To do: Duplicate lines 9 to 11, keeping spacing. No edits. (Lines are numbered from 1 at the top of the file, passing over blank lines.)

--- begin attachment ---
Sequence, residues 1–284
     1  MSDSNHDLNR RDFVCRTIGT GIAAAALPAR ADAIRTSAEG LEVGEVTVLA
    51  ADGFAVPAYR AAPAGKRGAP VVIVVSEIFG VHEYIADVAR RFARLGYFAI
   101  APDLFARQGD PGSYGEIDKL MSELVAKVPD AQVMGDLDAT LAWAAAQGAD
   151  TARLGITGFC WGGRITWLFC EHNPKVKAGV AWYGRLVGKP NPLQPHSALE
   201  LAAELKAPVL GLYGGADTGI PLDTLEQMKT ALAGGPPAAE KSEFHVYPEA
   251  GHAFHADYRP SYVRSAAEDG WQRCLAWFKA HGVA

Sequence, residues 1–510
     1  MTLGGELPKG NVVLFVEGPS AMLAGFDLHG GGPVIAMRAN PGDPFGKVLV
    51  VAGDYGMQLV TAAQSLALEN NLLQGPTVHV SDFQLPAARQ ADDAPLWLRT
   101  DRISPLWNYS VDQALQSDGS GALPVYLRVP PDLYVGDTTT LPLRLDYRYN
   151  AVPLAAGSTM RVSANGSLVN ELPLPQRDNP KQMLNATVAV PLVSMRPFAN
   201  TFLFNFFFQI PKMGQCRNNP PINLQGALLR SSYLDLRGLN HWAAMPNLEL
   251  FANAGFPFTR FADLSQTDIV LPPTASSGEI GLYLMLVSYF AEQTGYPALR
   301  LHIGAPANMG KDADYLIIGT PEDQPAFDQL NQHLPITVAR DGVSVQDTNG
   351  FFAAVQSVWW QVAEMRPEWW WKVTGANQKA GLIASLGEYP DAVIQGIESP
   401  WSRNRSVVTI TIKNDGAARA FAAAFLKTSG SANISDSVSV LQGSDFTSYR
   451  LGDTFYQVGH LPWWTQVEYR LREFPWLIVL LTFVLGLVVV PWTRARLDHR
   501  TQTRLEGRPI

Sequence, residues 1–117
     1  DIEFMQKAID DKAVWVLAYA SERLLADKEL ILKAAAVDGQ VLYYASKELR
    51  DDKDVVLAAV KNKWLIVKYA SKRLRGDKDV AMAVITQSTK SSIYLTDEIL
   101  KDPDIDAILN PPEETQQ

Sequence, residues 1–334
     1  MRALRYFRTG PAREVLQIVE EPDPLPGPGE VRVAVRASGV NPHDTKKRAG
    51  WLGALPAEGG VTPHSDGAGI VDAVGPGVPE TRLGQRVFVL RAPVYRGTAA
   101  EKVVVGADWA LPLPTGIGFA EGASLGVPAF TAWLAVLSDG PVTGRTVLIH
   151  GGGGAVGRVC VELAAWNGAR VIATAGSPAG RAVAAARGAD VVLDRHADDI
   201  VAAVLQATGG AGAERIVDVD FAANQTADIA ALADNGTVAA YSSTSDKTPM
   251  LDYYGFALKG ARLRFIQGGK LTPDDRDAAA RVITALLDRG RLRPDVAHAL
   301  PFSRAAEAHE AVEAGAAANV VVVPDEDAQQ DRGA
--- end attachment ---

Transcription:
     1  MTLGGELPKG NVVLFVEGPS AMLAGFDLHG GGPVIAMRAN PGDPFGKVLV
    51  VAGDYGMQLV TAAQSLALEN NLLQGPTVHV SDFQLPAARQ ADDAPLWLRT
   101  DRISPLWNYS VDQALQSDGS GALPVYLRVP PDLYVGDTTT LPLRLDYRYN